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In this issue of Attached Family, we take a look at the cultural explosion of breastfeeding advocacy, as well as the challenges still to overcome. API writer Sheena Sommers begins this issue with “The Real Breastfeeding Story,” including …

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1. Pregnancy & Birth

Fertility and conception, pregnancy, childbirth, and the early postpartum period.

2. The Infant

From newborn to 17 months.

3. The Toddler

From 18 months to age 3.

4. The Growing Child

From age 4 to age 9.

5. The Adolescent

From age 10 to age 18.

Home » 2. The Infant, 3. The Toddler, 4. The Growing Child, API Support Groups, Secondary Attachments: Fathers, Grandparents & Other Loved Ones

Featuring API Leaders: An Interview with Thiago Queiroz

Submitted by on Thursday, June 12 2014No Comment

By Rita Brhel, API’s publications coordinator, managing editor of Attached Family magazine and an API Leader (Hastings, Nebraska, USA).

API-Logo-20th-themeIn celebration of Attachment Parenting International’s 20th Anniversary, the “Featuring API Leaders” series honors the unique paths that inspired parents to pursue API Leadership:

Father involvement is key to healthy child development, so it is exciting to announce one of our newest API Leaders: Thiago Queiroz of Rio de Janeiro, Brazil. He is also an excellent writer and has shared his story on API’s APtly Said blog. I am thrilled to bring you more through this interview.

RITA: Thank you, Thiago, for your time. Let’s start by learning how you discovered Attachment Parenting (AP).

THIAGO: My inspiration to start practicing AP with my son was bedsharing. At first, it was the logical thing to do, considering the amount of caring we had to give to him at night. But then I started reading more on this subject and ended up finding about AP and falling in love with it. Now, what inspires me is how it feels so right to have such a strong and deep connection with my son.

RITA: We are all introduced to Attachment Parenting in our own unique way and certain parenting practices will facilitate that close relationship with our children more than others. Cosleeping is one of my favorites, too. Have you encountered any challenges in practicing AP?

thiago_queiroz_1THIAGO: Oh, I found all sorts of problems! To start with, my mother didn’t understand very well what my wife and I were doing. I had to be very firm and confident when explaining to my family why we see AP as a better option for our reality [than the authoritarian parenting style he grew up with].

Besides that, I received some bullying at work for the choices I made in parenting. For my colleagues, I was the “weirdo, organic, hippie” who had a son born at home and who talked about weird things like exclusive breastfeeding, positive discipline, babywearing and things like that.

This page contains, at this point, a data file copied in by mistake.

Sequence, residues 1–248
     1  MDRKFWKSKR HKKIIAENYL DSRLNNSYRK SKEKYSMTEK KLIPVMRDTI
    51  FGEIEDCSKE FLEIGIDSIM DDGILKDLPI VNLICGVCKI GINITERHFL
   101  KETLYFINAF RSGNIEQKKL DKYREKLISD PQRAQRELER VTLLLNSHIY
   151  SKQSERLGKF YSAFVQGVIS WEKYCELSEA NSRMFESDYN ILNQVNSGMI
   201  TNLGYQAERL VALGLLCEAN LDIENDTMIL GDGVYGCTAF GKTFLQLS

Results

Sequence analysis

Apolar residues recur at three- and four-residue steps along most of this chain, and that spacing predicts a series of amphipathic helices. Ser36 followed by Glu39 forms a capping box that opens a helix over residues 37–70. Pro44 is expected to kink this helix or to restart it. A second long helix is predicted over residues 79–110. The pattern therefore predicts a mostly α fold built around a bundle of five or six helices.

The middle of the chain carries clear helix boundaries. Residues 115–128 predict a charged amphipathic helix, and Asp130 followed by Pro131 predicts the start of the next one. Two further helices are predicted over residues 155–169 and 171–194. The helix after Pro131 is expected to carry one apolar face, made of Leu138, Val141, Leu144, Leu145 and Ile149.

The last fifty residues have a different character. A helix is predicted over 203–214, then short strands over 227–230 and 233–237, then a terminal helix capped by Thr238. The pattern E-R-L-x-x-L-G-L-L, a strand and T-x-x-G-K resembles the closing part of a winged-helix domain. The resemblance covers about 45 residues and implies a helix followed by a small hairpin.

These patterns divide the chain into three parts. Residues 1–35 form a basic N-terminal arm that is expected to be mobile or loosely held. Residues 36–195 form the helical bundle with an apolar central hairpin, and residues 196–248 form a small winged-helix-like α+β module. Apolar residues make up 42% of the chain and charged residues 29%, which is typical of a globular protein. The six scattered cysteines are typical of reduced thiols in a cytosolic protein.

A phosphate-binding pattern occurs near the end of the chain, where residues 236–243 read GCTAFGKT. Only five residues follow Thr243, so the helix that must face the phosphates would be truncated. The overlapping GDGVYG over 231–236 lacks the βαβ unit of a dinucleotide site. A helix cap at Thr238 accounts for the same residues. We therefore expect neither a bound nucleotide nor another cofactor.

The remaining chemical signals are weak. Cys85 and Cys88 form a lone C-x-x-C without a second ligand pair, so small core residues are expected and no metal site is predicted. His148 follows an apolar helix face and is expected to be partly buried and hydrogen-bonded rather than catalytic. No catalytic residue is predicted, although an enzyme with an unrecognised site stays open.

RITA: Did you seek out Attachment Parenting International out of the need for parent support yourself?

THIAGO: I found API by Googling on AP. I was so excited about AP that I wanted to read more and more, so I Googled it and found API and API’s Eight Principles of Parenting. My first contact with API’s staff was to offer help in translating the Eight Principles of Parenting into my language, Brazilian Portuguese. I thought it was so important to have this information available for people in Brazil that I did the translation.

RITA: And from there, you decided to become an API Leader?

THIAGO: If AP is not exactly something widely known and practiced in the United States, you can imagine how it would be in Brazil, where we can find so little material available in our language and so little local support for parents. I’ve always thought I had to be one of the people who would help make AP known in Brazil, so over an year ago, I created an AP Facebook group in Brazil. I started writing a blog about my experiences as a securely attached father, and then I decided it was time to prepare myself to become an API Leader. It was seeing how people needed and wanted support related to a more sensible and respectful way to raise their kids that inspired me along the way.

RITA: How did you find the API Leader Applicant process?

THIAGO: Oh, boy, the API Leader Applicant process was such a beautiful journey to self-acknowledgement! I absolutely loved being an applicant, as I was learning more not just about AP but about being a better human being. I learned so many things that I’m using in my life now that I could never thank API enough for this opportunity.

RITA: Now that you’re an API Leader, what are your plans of how to support parents locally?

THIAGO: I’m sure I’m going to love the meetings. Being able to share experiences and learn from other realities is a blessing. And on top of that, being able to see the babies that attend the meetings grow up is going to be priceless.

RITA: Are there any challenges of being an API Leader that you anticipate?

THIAGO: I believe the challenges of being an API Leader involve the relationships with other people. The ability to connect to other people, to be empathetic to their feelings, and to be able to hear without judging is the key challenge for anyone who wants to truly help other parents.

RITA: What of API’s resources do you think you’ll find most helpful as an API Leader in supporting other parents?

THIAGO: I have no doubt it will be the repository for the meetings. Meeting ideas and handouts are the sort of resources from API that will help me a lot on my job.

RITA: Thank you, Thiago, for your insights. I have one final question. You have already shared about projects that you started before becoming an API Leader. Has API Leadership inspired additional projects in your life to raise AP awareness?

THIAGO: The way I live and breathe AP inspires me to become a book writer and a positive discipline educator, but only time will tell!

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